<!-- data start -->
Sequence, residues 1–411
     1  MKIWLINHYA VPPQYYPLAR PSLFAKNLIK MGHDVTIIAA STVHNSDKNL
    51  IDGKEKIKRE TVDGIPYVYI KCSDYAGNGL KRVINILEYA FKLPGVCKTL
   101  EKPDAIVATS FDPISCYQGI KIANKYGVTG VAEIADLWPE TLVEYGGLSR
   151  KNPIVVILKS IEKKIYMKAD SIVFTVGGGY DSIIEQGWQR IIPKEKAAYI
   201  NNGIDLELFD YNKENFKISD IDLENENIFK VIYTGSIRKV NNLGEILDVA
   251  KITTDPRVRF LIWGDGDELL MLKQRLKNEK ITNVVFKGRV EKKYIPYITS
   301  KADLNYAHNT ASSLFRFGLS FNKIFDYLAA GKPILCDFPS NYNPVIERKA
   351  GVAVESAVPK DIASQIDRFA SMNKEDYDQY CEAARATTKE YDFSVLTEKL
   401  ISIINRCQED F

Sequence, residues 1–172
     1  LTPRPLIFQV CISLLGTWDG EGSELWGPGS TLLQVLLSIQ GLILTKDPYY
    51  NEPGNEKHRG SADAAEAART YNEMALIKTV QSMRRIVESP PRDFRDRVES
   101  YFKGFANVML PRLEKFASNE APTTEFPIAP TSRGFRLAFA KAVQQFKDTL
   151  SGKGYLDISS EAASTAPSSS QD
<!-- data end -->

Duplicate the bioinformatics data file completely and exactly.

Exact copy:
Sequence, residues 1–411
     1  MKIWLINHYA VPPQYYPLAR PSLFAKNLIK MGHDVTIIAA STVHNSDKNL
    51  IDGKEKIKRE TVDGIPYVYI KCSDYAGNGL KRVINILEYA FKLPGVCKTL
   101  EKPDAIVATS FDPISCYQGI KIANKYGVTG VAEIADLWPE TLVEYGGLSR
   151  KNPIVVILKS IEKKIYMKAD SIVFTVGGGY DSIIEQGWQR IIPKEKAAYI
   201  NNGIDLELFD YNKENFKISD IDLENENIFK VIYTGSIRKV NNLGEILDVA
   251  KITTDPRVRF LIWGDGDELL MLKQRLKNEK ITNVVFKGRV EKKYIPYITS
   301  KADLNYAHNT ASSLFRFGLS FNKIFDYLAA GKPILCDFPS NYNPVIERKA
   351  GVAVESAVPK DIASQIDRFA SMNKEDYDQY CEAARATTKE YDFSVLTEKL
   401  ISIINRCQED F

Sequence, residues 1–172
     1  LTPRPLIFQV CISLLGTWDG EGSELWGPGS TLLQVLLSIQ GLILTKDPYY
    51  NEPGNEKHRG SADAAEAART YNEMALIKTV QSMRRIVESP PRDFRDRVES
   101  YFKGFANVML PRLEKFASNE APTTEFPIAP TSRGFRLAFA KAVQQFKDTL
   151  SGKGYLDISS EAASTAPSSS QD